Pakistani authorities add that over 700,000 Afghans have arrived in Pakistan since the Taliban retook control of Afghanistan in 2021.
However, 18,000 Afghan refugees have also voluntarily returned to Afghanistan in the past two years.
Many Afghans in Pakistan own businesses and live in its main cities and some small towns.
A large number are also living in refugee camps in Khyber Pakhtunkhwa and Balochistan provinces.
“I am doing business and have three big textile shops and have spent millions of rupees to establish this business in Pakistan. What I will do now? Who will buy it while they are deporting us?” said Jandullah, an Afghan businessman.
According to Jandullah, thousands of Afghans are engaged in the textile, transport and hotel businesses.
“Who will pay us the exact price if we are selling our businesses at this time, as everyone knows the government is expelling us?” he said.
In Karachi, Saeedullah waved goodbye to his friends as he boarded a bus taking over 150 Afghan refugees to Pakistan’s southwestern Chaman border crossing with Afghanistan.
He is one of the thousands of Afghan refugees who have either started or are planning to return to their homeland following Islamabad’s decision to evict what it says are over 1 million “illegal immigrants.”
“I am not leaving by choice but I have no other option. I don’t want to be arrested or face any humiliation,” Saeedullah, a father of five, told Anadolu Agency.
Hailing from Afghanistan’s northeastern Takhar province, Saeedullah came to Pakistan days before the U.S. invasion of Afghanistan after the September 11 attacks.
In Karachi, a crowded refugee camp became his new home. Saeedullah was teaching at a local madrasa, or religious seminary, until last week.
He lost his status as a legal immigrant in 2012 as Pakistani authorities refused to renew his Afghan refugee card.
“I don’t know what I’ll do back in Afghanistan. There is nothing out there for us. But at least there’s no fear of arrests or deportation back there,” he said. “And there’s no longer the threat of violence,” he added.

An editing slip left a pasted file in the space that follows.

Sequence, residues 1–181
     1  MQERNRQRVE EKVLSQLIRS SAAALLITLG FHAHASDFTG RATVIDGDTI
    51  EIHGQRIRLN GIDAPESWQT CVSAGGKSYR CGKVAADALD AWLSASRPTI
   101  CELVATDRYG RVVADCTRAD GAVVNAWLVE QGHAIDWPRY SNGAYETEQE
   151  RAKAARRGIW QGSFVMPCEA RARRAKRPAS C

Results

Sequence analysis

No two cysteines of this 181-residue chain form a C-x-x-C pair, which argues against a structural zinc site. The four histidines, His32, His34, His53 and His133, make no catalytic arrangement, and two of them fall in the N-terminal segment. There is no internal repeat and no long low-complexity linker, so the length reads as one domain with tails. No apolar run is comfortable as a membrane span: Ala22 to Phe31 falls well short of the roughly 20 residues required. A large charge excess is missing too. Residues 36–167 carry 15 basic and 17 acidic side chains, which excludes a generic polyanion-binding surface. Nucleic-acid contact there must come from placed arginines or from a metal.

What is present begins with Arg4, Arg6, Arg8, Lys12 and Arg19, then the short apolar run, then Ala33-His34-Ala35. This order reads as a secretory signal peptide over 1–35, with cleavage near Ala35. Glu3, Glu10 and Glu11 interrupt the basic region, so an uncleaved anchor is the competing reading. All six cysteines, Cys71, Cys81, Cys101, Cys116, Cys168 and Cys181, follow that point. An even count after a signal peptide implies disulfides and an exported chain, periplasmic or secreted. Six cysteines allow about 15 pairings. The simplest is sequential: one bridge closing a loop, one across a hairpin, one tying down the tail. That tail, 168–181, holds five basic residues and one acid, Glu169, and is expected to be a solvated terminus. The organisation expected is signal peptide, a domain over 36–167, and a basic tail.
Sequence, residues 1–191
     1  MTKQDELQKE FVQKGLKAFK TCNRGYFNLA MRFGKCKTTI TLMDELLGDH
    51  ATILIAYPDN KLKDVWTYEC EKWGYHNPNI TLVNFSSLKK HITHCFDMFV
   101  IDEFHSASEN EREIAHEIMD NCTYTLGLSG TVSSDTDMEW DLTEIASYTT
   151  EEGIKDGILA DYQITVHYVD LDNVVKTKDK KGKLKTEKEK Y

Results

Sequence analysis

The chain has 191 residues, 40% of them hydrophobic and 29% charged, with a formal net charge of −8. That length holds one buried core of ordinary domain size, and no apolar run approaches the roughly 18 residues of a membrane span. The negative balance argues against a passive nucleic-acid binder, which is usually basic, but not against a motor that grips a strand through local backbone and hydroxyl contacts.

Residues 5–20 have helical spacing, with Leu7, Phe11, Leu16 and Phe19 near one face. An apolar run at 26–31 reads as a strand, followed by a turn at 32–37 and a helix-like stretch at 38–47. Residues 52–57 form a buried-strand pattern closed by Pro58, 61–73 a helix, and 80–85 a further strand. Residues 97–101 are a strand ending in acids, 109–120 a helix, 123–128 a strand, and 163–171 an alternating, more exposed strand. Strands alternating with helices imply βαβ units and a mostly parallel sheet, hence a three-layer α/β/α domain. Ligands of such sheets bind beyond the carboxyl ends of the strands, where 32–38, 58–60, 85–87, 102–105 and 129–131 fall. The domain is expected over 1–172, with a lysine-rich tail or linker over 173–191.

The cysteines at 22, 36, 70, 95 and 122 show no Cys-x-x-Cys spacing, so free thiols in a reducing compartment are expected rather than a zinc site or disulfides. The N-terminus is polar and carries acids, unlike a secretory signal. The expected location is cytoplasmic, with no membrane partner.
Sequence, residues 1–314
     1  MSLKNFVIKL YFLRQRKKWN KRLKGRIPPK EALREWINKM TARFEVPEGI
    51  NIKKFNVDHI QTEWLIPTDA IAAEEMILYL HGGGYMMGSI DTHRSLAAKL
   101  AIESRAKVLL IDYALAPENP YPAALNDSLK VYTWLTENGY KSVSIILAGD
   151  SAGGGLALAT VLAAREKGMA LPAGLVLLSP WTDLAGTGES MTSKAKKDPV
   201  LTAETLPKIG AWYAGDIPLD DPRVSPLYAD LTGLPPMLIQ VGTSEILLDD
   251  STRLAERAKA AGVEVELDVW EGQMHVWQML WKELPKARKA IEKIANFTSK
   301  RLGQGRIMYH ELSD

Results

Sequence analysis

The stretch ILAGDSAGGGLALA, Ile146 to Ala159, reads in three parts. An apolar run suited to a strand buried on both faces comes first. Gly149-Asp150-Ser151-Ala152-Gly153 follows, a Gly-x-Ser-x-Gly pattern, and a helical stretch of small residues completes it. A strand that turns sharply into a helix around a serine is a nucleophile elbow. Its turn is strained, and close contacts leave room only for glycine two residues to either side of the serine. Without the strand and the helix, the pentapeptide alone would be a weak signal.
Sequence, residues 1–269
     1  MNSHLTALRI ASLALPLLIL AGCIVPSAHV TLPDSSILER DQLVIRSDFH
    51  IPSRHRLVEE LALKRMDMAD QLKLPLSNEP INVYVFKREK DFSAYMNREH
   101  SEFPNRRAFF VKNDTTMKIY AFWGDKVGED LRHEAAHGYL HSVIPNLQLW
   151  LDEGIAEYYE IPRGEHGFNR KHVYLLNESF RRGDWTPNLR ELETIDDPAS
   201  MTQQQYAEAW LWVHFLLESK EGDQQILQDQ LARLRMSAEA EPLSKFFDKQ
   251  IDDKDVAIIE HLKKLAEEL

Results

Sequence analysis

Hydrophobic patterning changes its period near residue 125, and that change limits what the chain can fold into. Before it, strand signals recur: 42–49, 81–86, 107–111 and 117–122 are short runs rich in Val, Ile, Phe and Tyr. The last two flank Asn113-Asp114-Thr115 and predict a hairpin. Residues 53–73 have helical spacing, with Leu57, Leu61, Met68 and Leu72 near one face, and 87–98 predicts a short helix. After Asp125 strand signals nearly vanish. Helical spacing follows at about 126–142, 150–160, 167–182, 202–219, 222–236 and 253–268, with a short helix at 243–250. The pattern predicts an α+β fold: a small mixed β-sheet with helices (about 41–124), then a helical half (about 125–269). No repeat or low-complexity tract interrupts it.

Nearly 2,000 Afghans, including 700 in Karachi, have been arrested since early September in a crackdown on undocumented migrants, according to police figures.
According to a statement from Afghanistan’s department for refugee affairs, some 23,000 Afghans have been expelled by Pakistan in the past 20 days. Islamabad has not issued any figures from its side nor commented on the Afghan statement.
However, the United Nations High Commissioner for Refugees (UNHCR) opposes the Pakistani government’s plan to expel undocumented Afghan refugees.
“Any refugee return must be voluntary and without any pressure to ensure protection for those seeking safety,” UNHCR spokesman Qaiser Khan Afridi told Anadolu.
He added that the UNHCR is ready to help and support the Pakistani authorities in finding a suitable solution.
“We have two repatriation centers in Nowshera, Khyber Pakhtunkhwa and another one in Quetta, Balochistan and facilitate those Afghans who voluntarily return to their home country,” he said.
The UNHCR also provides $375 to every Afghan who voluntarily returns to their country upon their arrival in Afghanistan.
According to the UN agency’s statistics, they also facilitated over 4.3 million voluntary repatriations over a 20-year period from 2002 to 2022.